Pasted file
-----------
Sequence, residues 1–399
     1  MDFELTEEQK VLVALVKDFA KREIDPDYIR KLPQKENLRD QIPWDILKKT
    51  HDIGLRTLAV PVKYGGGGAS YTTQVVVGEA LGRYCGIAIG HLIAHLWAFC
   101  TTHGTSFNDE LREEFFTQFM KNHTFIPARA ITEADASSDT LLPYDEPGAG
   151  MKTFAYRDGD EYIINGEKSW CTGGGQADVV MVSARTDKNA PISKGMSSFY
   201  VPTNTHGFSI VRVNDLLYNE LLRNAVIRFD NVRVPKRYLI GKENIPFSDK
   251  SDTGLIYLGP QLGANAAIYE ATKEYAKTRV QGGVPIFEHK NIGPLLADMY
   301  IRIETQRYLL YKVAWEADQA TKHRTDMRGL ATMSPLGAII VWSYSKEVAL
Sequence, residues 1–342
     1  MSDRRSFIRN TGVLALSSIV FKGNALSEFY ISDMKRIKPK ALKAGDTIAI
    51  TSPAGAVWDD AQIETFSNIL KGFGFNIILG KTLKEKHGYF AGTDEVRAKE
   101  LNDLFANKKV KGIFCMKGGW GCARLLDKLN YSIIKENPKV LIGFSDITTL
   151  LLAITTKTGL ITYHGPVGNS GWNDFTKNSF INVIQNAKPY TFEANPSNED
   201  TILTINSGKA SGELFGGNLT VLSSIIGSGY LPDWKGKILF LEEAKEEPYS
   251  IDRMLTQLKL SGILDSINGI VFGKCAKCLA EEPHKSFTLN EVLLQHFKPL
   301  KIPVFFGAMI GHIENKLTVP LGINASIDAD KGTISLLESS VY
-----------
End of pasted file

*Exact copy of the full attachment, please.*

Sequence, residues 1–399
     1  MDFELTEEQK VLVALVKDFA KREIDPDYIR KLPQKENLRD QIPWDILKKT
    51  HDIGLRTLAV PVKYGGGGAS YTTQVVVGEA LGRYCGIAIG HLIAHLWAFC
   101  TTHGTSFNDE LREEFFTQFM KNHTFIPARA ITEADASSDT LLPYDEPGAG
   151  MKTFAYRDGD EYIINGEKSW CTGGGQADVV MVSARTDKNA PISKGMSSFY
   201  VPTNTHGFSI VRVNDLLYNE LLRNAVIRFD NVRVPKRYLI GKENIPFSDK
   251  SDTGLIYLGP QLGANAAIYE ATKEYAKTRV QGGVPIFEHK NIGPLLADMY
   301  IRIETQRYLL YKVAWEADQA TKHRTDMRGL ATMSPLGAII VWSYSKEVAL
Sequence, residues 1–342
     1  MSDRRSFIRN TGVLALSSIV FKGNALSEFY ISDMKRIKPK ALKAGDTIAI
    51  TSPAGAVWDD AQIETFSNIL KGFGFNIILG KTLKEKHGYF AGTDEVRAKE
   101  LNDLFANKKV KGIFCMKGGW GCARLLDKLN YSIIKENPKV LIGFSDITTL
   151  LLAITTKTGL ITYHGPVGNS GWNDFTKNSF INVIQNAKPY TFEANPSNED
   201  TILTINSGKA SGELFGGNLT VLSSIIGSGY LPDWKGKILF LEEAKEEPYS
   251  IDRMLTQLKL SGILDSINGI VFGKCAKCLA EEPHKSFTLN EVLLQHFKPL
   301  KIPVFFGAMI GHIENKLTVP LGINASIDAD KGTISLLESS VY